By Will Soutter
Texas Children's Hospital has become the first North American institution to own a Leica microsystems gated stimulation emission depletion (G-STED) microscope, which enables scientists to capture less than 40 nm resolution images within live cells.
Dr. Jordan Orange of Texas Children's Hospital with the newly acquired Leica Microsystems Gated Stimulation Emission Depletion microscope
Using Leica’s G-STED microscope, Texas Children's researchers will observe cellular level interactions within live cells to acquire more knowledge about congenital immune defenses and immune deficiencies to develop new therapy methods. The microscope will also be helpful in knowing the mechanisms and interplays of viruses inside a cell, providing unprecedented data about the occurrence of infections.
Jordan Orange, Director of a new Center for Human Immunobiology and Chief of Immunology, Allergy and Rheumatology at Texas Children's Hospital, and also a Professor and Section Head for Immunology, Allergy and Rheumatology at Baylor College of Medicine’s department of pediatrics, stated that this advanced microscope will provide never seen before observations on the human immune system, thus facilitating the exploration of rare immune deficiencies in kids and the development of novel therapies to treat different diseases.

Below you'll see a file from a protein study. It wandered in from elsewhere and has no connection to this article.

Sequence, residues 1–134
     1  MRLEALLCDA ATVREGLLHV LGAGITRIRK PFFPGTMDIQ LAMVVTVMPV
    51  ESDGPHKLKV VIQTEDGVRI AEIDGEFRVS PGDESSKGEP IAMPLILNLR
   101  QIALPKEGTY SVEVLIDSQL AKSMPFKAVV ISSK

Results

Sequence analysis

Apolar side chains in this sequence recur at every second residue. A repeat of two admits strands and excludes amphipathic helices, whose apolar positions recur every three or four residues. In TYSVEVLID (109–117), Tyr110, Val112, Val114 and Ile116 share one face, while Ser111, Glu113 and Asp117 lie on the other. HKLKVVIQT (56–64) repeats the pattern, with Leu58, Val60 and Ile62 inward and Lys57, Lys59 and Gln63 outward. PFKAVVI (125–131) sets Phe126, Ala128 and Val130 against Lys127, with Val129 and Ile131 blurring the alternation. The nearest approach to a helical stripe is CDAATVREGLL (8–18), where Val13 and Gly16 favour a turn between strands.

Orange is studying the biology of natural immune system and innate killer cells, with a clinical focus on major immunodeficiency disease. The United States Immunodeficiency Network and the National Institute of Allergy and Infectious Diseases have provided fund for his laboratory research.
In the past 10 years, Orange has transformed the realm of human innate killer cell deficiencies in several genetic disorders. Recently, he teamed up with European scientists who achieved significant clinical advancements in utilizing gene therapy for treating young children with Wiskott-Aldrich syndrome, a rare, rigorous immunodeficiency disorder. At present, he is carrying out clinical studies to assess the efficacy of immunotherapy in improving immune function in kids with Wiskott-Aldrich syndrome. Using state-of-the-art imaging technologies, he is able to better understand these rare illnesses and human immune defenses.